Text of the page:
It was rather heartening to learn that 75 per cent, of a Mercédès-Benz touring car is made by the parent firm — in England 40 per cent, is considered a high figure — and this means that Mercédès-Benz are responsible for this proportion of their car, so that shoddy workmanship by “outside” firms is eliminated. The remaining 25 per cent, is accounted for by such items as Bosch electries, Continental tyres, Solex carburetters and so on. After the steady hum of work in the factory, the quiet of the museum was a great contrast, and an interesting time was spent following the tradition of Daimler-Benz and Mercédès through the years to where they amalgamated, and then to study the development of Mercédès-Benz passenger and racing cars right up to 1939. The pre-war Grand Prix cars, which were so advanced in their day, now look very old-fashioned and primitive when studied in the light of present-day technical knowledge. One of the moot impressive cars of that pre-war age that is fast being forgotten is the all-enveloping 5.6-litre car that was used at Avas, lapping at 172-m.p.h. and attaining close to 200 m.p.h. along the straights. Compared with the 1954 all-enveloping Mercédès-Benz, which is a thing of sleek beauty, the Avus car looked a veritable monster and a silent raising of the hat was made in memory of the efforts of Rudolf Carraciola and Hermann Lang who drove these cars. All the past racing records of the firm are proudly announced around the walls of the museum, but for some unaccountable reason the memorable first and second at Tripoli in 1939 with the 1 1/2-litre V8 cars which were landmarks in motor-racing history seem to have been completely forgotten. The two cars are still in Switzerland and nowhere in the museum was there any reference to this extraordinary exercise in design.

As fascinating as the automobile history of Mercédès-Benz was the aeronautical history, for the firm have made aero engines since the early days of flying, and some of their recent war-time engines that opposed our Merlins and Sabres were most interesting. This visit, was made two days after the German Grand Prix victory and everywhere were large coloured posters acclaiming the success. These posters were prepared on the Sunday night immediately after the race, so that when the factory workers arrived early on Monday morning they were greeted by the sight of these coloured posters showing the new single-seater Grand Prix car winning the Nurburgring race. As remarked earlier, Mercédès-Benz is a tradition.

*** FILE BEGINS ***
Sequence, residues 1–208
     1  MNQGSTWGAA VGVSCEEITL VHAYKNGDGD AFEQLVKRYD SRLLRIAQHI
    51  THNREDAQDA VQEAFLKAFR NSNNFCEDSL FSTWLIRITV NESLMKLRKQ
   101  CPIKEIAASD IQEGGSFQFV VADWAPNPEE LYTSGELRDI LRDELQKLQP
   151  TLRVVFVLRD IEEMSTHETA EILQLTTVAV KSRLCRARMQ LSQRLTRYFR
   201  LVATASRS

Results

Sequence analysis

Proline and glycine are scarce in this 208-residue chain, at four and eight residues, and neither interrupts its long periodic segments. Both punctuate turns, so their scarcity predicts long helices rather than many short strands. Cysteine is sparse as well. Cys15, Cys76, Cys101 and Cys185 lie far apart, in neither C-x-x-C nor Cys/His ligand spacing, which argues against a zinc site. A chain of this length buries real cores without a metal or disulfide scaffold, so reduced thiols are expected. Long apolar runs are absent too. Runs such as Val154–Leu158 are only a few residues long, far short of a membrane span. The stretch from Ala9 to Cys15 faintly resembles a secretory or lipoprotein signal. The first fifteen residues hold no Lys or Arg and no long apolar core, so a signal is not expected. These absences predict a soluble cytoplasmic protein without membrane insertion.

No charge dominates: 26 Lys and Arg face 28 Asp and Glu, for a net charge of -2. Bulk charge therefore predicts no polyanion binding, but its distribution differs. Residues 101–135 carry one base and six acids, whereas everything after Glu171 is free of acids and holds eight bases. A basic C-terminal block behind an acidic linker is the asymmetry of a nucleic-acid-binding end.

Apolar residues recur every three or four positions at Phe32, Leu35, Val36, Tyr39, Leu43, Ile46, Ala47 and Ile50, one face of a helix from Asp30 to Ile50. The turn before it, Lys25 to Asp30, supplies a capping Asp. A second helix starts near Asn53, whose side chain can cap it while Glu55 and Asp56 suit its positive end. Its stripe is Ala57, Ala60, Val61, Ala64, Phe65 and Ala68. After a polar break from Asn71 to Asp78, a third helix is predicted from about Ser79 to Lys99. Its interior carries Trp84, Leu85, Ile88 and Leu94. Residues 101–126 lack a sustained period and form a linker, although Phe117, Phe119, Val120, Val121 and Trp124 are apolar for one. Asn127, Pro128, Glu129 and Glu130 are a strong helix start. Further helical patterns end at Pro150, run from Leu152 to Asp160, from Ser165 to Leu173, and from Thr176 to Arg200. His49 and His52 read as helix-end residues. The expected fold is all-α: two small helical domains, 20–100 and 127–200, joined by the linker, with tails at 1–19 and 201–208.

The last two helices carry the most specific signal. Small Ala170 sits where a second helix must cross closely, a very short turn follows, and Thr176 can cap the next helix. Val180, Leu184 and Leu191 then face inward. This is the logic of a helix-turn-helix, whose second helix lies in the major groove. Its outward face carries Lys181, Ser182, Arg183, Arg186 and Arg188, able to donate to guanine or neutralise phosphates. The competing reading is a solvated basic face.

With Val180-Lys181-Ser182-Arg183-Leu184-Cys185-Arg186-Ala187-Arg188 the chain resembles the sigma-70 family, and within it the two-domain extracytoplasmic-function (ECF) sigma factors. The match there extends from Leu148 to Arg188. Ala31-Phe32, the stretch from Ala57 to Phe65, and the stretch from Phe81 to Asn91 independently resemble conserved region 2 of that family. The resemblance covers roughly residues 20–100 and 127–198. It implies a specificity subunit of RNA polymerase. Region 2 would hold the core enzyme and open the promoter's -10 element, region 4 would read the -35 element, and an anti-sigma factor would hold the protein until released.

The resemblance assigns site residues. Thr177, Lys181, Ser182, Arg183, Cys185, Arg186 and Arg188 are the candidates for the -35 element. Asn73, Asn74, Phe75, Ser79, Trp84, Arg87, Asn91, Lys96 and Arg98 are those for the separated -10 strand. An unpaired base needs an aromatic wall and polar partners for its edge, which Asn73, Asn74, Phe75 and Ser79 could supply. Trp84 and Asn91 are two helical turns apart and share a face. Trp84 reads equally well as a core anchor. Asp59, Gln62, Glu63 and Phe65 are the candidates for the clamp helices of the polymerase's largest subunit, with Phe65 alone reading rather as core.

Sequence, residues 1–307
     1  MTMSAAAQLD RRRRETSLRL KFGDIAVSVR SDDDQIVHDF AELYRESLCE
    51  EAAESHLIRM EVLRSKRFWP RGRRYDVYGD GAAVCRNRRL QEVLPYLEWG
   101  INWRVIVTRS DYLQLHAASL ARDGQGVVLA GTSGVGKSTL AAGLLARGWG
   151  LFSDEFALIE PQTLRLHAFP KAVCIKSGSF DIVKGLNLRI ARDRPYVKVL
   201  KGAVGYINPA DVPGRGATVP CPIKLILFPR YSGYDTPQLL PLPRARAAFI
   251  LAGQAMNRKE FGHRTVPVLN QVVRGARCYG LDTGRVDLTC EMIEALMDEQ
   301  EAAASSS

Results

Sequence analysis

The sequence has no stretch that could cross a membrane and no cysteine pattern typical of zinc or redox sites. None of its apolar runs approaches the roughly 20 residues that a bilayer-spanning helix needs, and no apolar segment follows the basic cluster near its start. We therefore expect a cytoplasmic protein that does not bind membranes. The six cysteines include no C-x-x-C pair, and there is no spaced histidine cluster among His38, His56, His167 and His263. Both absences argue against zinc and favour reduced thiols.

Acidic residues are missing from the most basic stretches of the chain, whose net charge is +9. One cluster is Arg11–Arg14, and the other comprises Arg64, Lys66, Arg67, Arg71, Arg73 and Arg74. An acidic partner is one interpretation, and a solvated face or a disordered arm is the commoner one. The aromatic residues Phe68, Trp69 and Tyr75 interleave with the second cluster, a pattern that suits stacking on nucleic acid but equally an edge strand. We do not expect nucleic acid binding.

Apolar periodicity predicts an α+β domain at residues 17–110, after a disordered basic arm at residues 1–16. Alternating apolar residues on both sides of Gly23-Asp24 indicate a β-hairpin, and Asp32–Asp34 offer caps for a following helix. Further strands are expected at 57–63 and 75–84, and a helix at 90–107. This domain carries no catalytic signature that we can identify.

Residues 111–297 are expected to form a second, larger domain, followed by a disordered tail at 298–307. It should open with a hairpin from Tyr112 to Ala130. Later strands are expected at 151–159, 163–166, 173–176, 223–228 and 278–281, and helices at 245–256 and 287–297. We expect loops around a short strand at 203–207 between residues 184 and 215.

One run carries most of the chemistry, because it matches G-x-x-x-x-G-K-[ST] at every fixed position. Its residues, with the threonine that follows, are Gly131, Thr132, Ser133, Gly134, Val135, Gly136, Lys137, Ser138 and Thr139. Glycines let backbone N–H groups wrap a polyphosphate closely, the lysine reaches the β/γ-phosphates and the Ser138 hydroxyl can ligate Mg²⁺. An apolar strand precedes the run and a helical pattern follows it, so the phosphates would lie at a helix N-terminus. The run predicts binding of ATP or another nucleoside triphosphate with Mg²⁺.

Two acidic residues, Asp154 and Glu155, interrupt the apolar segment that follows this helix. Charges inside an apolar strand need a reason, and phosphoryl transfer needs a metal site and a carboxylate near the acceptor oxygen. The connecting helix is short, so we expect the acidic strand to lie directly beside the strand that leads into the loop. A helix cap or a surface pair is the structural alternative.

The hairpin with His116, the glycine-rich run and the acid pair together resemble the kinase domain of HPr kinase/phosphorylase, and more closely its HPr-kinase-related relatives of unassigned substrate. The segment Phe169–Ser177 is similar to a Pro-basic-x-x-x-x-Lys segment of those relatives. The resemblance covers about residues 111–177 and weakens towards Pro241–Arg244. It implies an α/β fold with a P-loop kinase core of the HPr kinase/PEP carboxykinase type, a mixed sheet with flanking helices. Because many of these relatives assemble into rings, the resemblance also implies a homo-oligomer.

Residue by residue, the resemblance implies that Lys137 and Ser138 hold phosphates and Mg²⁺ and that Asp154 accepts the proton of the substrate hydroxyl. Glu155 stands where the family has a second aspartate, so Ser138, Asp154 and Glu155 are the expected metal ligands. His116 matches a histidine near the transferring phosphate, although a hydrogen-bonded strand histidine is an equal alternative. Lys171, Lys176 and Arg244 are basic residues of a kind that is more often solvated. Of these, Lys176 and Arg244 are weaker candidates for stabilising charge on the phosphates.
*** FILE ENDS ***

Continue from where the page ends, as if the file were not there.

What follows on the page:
* * *

That the British are well known for their love of tradition was ably demonstrated by the gathering of the British Mercédès-Benz Club at Solitude, overlooking Stuttgart, on the same day as I visited the factory. A remarkably assorted collection of Mercédès-Benz cars, including examples front the early days right through to the latest 220 model, had journeyed in convoy from England to Stuttgart to be received by the Burgomeister of that town, and the club presented hint with a plaque of the coat of arms of Dover, with the greetings of the Burgomeister of the English seaport. The local populace were highly intrigued by this collection of British-owned Mercédès-Benz cars and found it hard to believe that they were still being used daily. As a good-will rally the journey of the British Mercédès-Benz Club is to be highly commended, but it seems unlikely that a German Bentley drivers’ club will ever reach sufficient proportions to be able to respond by visiting Derby!

* * *

In the far-off days of that period about which our Editor is so knowledgeable, the difference between a “sports car” and the normal vehicle that John Citizen drove about in was very great, so great that the average man found it hard to visualise driving a “sports car” of high potential. Over the passage of time and progress the private car has increased its potential and the “sports car” has become a slightly hotter version, and if, for example, you can rush about in a Mk. VII Jaguar, then an XK120 is easy meat, and there has been a tendency to consider “sports cars” as being very normal fare, but there has grown up the “sports/racing car,” and this is as far removed from your 100-m.p.h. family saloon as a Zagato Alfa-Romeo was from a “bull-nosed” Morris. This season I have been fortunate enough to have rides in the passenger seats of the H.W.M.-Jaguar with a Grand Prix-type chassis, a DB3S Aston Martin and a works A6G Maserati, and it was interesting to realise that they all have the same characteristics of “blood-and-thunder” motoring as had Monza Alfa-Romeos or Type 51 Bugattis of the past. In short, they are two-seater Grand Prix cars and the performance and handling of this type of modern “sports/racing car” is still just as far from the imagination of the driver of a 100-m.p.h. modern saloon as the equivalent of 25 years ago. A recent trip round the Pescara circuit in a works Maserati A6G with Moss at the wheel was one of those experiences that have to be sampled every now and then in order to keep a sense of proportion and to be able to justify being a reporter and critic of modern competition motoring. Unfortunately such opportunities are all too rare, and reporting and criticising all too frequent.

The Maserati was geared to do 130 m.p.h. yet would waffle along at 1,800 r.p.m. without any fuss, but once the revs. got beyond 3,000 the surge forward, coupled with a virtually straight-through exhaust system, was something to enthuse the most casual bystander. With its delightful close-ratio gearbox, there being only 1,000 r.p.m. difference between second and top, for the same road speed, and 300 r.p.m. between third and top, the whole car was Grand Prix stuff pure and simple, and its maximum of over 7,000 r.p.m. provided a performance that was nothing short of outstanding. Fast motoring such as this car provided on the open Italian roads, showed clearly how appreciative the public are of fast cars, for each village saw the pedestrians warning those beyond to stand back so that the Maserati could have a clear run, while approaching traffic went out of its way to pull over and give way to the vicious-looking scarlet “sports/racing car.” — D. S. J.